Mangal Mahadev Ganga Talao
On a visit to Ganga Talao, you won’t be able to miss the huge statue of Lord Shiva, the destroyer, nearby. This gigantic statute is the highest known statue in Mauritius at approximately 33 metres, and the second largest in the world of its type, after the statue of Lord Shiva in New Delhi. This majestic statue is quite hard to miss and makes for a truly impressive sight.
In Sainte Croix, near Port Louis, stands the oldest Tamil temple of Mauritius. One of the most intricate religious places in Mauritius, and built in 1854, the Kayalasson Temple is still an important place of worship for the Tamil community of Mauritius. It’s also listed a heritage site. This fascinating temple was actually built to symbolise the human body, with different organs being represented by six stations and the lotus representing the head. The overarching meaning of the architecture is that devotees should respect the temple as much as they do their own bodies.
Saiva Siddhanta Church and the Spiritual Park of Mauritius
The Saiva Siddhanta Church is located in the unique Spiritual Park close to the Rempart River, which is set to become an important pilgrimage site. Thanks to the secluded location, the unique Spiritual Park is far away from the busy centres and offers a peaceful haven for both locals and international guests who can embrace this outdoor sanctuary to meditate, tune into the Divine, or simply find a moment of stillness. As you wander through the tranquil park, you will happen upon beautiful, small temples and shrines but there are already plans in the works to expand the offerings into the future.
Open to the public seven days a week from 07:00 to 18:00. The park also has a gift store and offers weekly classes and a monthly homage to Panchamukha Ganapati, the park’s presiding deity (which typically takes place on the first Sunday of every month).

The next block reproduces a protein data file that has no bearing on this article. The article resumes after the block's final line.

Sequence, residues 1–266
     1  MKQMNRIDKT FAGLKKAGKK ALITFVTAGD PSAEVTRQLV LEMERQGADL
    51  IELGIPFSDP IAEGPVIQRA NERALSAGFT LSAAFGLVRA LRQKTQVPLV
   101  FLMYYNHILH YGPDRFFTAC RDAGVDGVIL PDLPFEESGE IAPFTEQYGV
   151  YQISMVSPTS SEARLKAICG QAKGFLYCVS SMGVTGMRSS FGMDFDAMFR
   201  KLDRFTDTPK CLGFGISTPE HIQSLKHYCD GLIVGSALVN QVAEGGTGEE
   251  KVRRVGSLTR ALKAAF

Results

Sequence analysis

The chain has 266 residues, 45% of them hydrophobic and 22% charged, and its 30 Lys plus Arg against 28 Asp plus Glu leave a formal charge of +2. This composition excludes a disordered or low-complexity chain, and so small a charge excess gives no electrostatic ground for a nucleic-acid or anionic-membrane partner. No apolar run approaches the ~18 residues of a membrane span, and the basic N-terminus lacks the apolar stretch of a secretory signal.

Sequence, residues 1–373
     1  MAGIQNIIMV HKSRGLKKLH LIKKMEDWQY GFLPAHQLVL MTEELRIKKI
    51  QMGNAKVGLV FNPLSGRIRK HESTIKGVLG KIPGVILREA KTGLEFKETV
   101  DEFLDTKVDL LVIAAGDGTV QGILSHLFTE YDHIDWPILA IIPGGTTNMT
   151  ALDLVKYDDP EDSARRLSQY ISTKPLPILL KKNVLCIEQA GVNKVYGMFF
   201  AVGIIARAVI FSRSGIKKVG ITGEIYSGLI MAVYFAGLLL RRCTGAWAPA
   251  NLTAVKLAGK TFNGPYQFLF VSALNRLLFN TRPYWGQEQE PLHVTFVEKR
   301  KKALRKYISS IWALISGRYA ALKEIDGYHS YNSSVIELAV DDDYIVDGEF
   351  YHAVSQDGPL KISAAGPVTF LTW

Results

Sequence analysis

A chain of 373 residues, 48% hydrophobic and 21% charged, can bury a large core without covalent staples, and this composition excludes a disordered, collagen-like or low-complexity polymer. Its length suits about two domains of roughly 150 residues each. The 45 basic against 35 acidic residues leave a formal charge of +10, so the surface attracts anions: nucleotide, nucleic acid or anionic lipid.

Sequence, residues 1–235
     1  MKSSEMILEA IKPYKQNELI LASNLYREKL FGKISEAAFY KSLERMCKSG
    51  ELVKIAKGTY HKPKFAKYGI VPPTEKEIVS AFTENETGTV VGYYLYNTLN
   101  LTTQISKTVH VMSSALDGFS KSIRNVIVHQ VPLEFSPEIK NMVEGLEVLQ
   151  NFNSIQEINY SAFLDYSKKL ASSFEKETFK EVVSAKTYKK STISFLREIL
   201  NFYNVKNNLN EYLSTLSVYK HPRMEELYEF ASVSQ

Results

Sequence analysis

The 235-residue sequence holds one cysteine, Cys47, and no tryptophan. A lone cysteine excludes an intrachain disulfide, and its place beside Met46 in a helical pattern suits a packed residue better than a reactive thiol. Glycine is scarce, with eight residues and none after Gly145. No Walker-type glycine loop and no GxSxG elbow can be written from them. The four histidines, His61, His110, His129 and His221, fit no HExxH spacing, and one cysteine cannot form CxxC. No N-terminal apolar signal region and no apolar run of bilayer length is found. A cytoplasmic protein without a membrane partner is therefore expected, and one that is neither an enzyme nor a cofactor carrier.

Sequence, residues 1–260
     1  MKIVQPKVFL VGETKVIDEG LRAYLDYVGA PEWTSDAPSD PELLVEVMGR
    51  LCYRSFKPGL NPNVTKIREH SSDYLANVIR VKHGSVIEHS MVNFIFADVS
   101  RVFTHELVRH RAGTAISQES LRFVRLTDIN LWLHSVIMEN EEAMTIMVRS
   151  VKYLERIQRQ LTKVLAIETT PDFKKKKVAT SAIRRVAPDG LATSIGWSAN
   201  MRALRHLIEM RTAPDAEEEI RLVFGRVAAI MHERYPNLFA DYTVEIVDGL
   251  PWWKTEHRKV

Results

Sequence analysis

Amma Tookay Kovil
This beautiful and sacred Tamil temple, dedicated to Amma Tookay who is worshipped for prosperity and health, goes back to when the indentured labourers came (mainly from India) to work on the sugar plantations in Mauritius. In order to get themselves through trying times, they turned to faith and religion and built this place of worship, in the middle of a sugar cane field in the Riche Bois region, where many indentured labourers worked.
The original structure, shrouded in mystery and legend, was made out of bamboo and straw but it was, sadly, damaged in a cyclone that hit the island in 1945. Interestingly, the main statue remained intact. The temple was then recreated in wood and corrugated iron, but this structure too was damaged in a cyclone and so eventually a concrete building was erected for Amma Tookay. In the 1960s the management of the temple was handed to the Savanne Tamil Benevolent Society who saw to it that a new temple was built, one of a Dravidian nature. This gorgeous and colourful temple is now one of the must-see religious places in Mauritius, the juxtaposition of the intricate structure and the sugar cane fields being something quite spectacular.